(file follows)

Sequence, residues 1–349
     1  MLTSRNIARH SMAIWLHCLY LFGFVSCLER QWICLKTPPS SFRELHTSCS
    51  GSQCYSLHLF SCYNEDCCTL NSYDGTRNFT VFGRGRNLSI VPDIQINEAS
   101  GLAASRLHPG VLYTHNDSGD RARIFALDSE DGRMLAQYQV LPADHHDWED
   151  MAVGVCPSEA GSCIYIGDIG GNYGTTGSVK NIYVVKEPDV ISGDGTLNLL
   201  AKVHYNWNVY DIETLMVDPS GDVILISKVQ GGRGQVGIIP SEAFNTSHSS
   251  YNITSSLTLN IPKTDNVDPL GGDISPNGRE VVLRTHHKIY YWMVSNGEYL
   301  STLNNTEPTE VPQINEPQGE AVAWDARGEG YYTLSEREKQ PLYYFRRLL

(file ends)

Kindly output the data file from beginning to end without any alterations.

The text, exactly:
Sequence, residues 1–349
     1  MLTSRNIARH SMAIWLHCLY LFGFVSCLER QWICLKTPPS SFRELHTSCS
    51  GSQCYSLHLF SCYNEDCCTL NSYDGTRNFT VFGRGRNLSI VPDIQINEAS
   101  GLAASRLHPG VLYTHNDSGD RARIFALDSE DGRMLAQYQV LPADHHDWED
   151  MAVGVCPSEA GSCIYIGDIG GNYGTTGSVK NIYVVKEPDV ISGDGTLNLL
   201  AKVHYNWNVY DIETLMVDPS GDVILISKVQ GGRGQVGIIP SEAFNTSHSS
   251  YNITSSLTLN IPKTDNVDPL GGDISPNGRE VVLRTHHKIY YWMVSNGEYL
   301  STLNNTEPTE VPQINEPQGE AVAWDARGEG YYTLSEREKQ PLYYFRRLL